Life is too short to miss 'Our Say' Review: Delightful, poignant play welcomes us into the Delany home, and their story won't let us go.

April 10, 1997|By J. Wynn Rousuck | J. Wynn Rousuck,SUN THEATER CRITIC

"Some people grieve to remember, but we celebrate," says Bessie Delany in "Having Our Say," Emily Mann's play about the centenarian Delany sisters. And indeed, "Having Our Say" -- currently at the Mechanic Theatre -- is an endearing celebration from start to finish.

Adapted from the book of the same name, written by Sarah ("Sadie") L. Delany and A. Elizabeth ("Bessie") Delany, with Amy Hill Hearth, this two-person play celebrates the lives of a pair of extraordinary women. Daughters of a former slave who became, in Bessie's words, "the first elected Negro bishop of the Episcopal Church, U.S.A," Bessie was the second African-American woman licensed to practice dentistry in New York and Sadie was the first African-American domestic science teacher in a New York City high school.

As portrayed by Lizan Mitchell and Micki Grant, Bessie and Sadie tell a story suffused with warmth. The event of the play, and the specific cause for their celebration, is the birthday of their late father, an occasion they always honor by preparing his favorite food.

While Bessie and Sarah stuff a chicken, roast a ham, section oranges for ambrosia and mix ingredients for pound cake, they discuss some of the evening's toughest subject matter -- the Jim Crow days, during which Bessie came close to being lynched.

Mann has used cooking as a buffer for difficult material before. In her first play, "Annulla," a Holocaust survivor cooks chicken soup while talking about the Nazis. In "Having Our Say," the meal preparations not only make us feel at home, they humanize a page of American history, giving tangible dimensions to a shameful era.

Humanizing history is one of the things this play does best, and it is filled with names from history books -- from Booker T. Washington and W. E. B. Du Bois, both of whom the sisters knew, to Eleanor Roosevelt, whom they met through their brother, Hubert, an assistant U.S. attorney.

Characterizations are another thing at which this play and its cast, directed by Mann, excel. Mitchell and Grant convey such close ties -- frequently speaking in unison or finishing each other's sentences, gently touching the other's hand -- so that they genuinely come across as sisters. At the same time, there's no mistaking the differences in their personalities.

Mitchell's pugnacious Bessie is every inch the "feeling child," as Sadie describes her, "quick to anger and very outspoken." Bessie cries as easily out of outrage as sorrow. Her strong emotions repeatedly cause her voice to rise and bring her to her feet. Mitchell's left foot, by the way, is in a cast due to a fall on the ice during the show's Minneapolis engagement; the impediment, however, only further increases the actress' ability to portray a character who is many years her senior, but who never let anything get in her way.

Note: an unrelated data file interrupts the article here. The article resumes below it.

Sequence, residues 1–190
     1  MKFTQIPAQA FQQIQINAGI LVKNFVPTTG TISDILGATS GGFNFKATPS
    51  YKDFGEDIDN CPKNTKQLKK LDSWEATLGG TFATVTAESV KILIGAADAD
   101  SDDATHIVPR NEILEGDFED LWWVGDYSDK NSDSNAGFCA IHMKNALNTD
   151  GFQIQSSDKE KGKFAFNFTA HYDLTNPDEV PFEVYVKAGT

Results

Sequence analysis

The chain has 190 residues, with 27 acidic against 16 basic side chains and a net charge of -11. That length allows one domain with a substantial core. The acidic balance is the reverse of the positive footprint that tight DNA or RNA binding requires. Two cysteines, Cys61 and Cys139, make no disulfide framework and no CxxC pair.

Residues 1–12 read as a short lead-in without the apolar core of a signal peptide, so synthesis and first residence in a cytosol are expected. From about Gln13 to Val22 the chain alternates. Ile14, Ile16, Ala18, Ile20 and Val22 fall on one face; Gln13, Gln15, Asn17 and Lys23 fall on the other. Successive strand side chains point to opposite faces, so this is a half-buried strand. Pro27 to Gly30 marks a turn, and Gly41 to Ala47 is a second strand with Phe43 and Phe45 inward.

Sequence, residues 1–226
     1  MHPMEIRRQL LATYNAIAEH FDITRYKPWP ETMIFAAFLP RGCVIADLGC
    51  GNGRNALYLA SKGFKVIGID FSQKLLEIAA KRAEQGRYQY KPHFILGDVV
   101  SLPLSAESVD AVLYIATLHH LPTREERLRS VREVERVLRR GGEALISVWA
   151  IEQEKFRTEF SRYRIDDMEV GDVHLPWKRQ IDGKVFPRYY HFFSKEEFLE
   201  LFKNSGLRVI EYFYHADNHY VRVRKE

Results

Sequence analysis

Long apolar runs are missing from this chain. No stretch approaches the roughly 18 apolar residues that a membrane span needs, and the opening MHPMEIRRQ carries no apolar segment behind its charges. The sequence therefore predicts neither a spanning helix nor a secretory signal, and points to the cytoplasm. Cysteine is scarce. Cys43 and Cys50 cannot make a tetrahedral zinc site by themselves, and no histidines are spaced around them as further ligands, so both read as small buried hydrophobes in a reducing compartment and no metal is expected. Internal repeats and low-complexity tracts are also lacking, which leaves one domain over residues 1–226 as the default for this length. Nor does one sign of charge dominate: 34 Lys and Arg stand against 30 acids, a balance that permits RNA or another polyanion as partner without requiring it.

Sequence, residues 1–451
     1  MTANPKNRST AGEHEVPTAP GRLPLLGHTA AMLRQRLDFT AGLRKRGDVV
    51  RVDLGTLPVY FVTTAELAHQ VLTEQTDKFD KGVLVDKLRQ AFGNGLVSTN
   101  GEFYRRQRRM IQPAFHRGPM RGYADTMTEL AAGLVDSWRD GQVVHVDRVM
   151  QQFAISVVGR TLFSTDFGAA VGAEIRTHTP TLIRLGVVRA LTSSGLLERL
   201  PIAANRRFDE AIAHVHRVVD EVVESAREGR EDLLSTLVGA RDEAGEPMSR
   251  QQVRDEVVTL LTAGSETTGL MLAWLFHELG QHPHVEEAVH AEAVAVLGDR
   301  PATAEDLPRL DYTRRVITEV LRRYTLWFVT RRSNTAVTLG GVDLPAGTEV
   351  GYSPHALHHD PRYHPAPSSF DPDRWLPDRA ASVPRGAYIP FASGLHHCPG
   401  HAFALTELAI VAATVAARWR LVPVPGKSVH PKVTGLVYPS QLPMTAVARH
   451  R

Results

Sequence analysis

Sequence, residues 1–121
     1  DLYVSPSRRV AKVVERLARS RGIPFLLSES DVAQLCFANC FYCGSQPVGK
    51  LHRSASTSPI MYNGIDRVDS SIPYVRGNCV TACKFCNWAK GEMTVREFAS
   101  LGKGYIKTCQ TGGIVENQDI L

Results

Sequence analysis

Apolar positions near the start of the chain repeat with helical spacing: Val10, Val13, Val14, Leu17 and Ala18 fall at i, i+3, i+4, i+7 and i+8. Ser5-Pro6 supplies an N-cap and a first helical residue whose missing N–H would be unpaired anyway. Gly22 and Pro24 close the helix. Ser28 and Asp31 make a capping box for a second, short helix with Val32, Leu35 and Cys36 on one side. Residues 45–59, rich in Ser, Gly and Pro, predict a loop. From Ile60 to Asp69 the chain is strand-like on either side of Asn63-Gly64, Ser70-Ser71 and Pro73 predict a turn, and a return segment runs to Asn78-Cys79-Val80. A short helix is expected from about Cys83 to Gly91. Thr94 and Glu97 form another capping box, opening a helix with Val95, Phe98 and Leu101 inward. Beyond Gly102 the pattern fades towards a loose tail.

On the other hand, Grant's "sweet sister Sadie" is the conciliatory member of the pair. Sadie's philosophy is: "Life is short, and it's up to you to make it sweet." Grant, best known as the author of "Don't Bother Me, I Can't Cope," has no trouble depicting Sadie's gentle nature. There's almost always a smile on her face, and though her diction is crisp, her tone is dulcet. Near the end, however, when Sadie has to re-enact the rare moment of boldness in which she stood up against a Bronx gang, Grant lacks the conviction required by this unexpected display of boldness.

The sisters were "discovered" in 1991 by journalist Hearth in an article for the New York Times. Two years later, their best-selling memoir appeared, turning the reclusive sisters, who never married and lived most of their lives together, into celebrities. In the years between then and Bessie's death in September at age 104, they appeared on "The Oprah Winfrey Show" and were visited by Hillary Clinton. Two subsequent Delany books have also been published, the latest in February, Sadie's "On My Own at 107: Reflections on Life Without Bessie."

But it is through Mann's dramatization, in which Bessie and Sadie welcome us into their home, that we get to know the sisters best. As a collection of reminiscences, initially related by two actresses seated statically in armchairs, the play can be a bit slow. Yet Bessie and Sadie are such ladies -- and venerable ones at that -- that Mann can hardly be faulted for refusing to rush their account of 100 years of American history.

"I never thought I'd see the day when people would be interested in what two old Negro women have to say," Bessie says at the start of the play. "Having Our Say" makes you more than interested. It makes you proud to have made the acquaintance of Bessie and Sadie Delany. Even more, thanks to Grant and Mitchell's heartwarming performances, it makes you embrace them as cherished friends.

'Having Our Say'

Where: Morris A. Mechanic Theatre, Hopkins Plaza

When: 8 p.m. Tuesdays through Saturdays, matinees at 2 p.m. Wednesdays and Saturday, 3 p.m. Sundays; through April 20

Tickets: $25-$45

Call: 410-752-1200

Pub Date: 4/10/97

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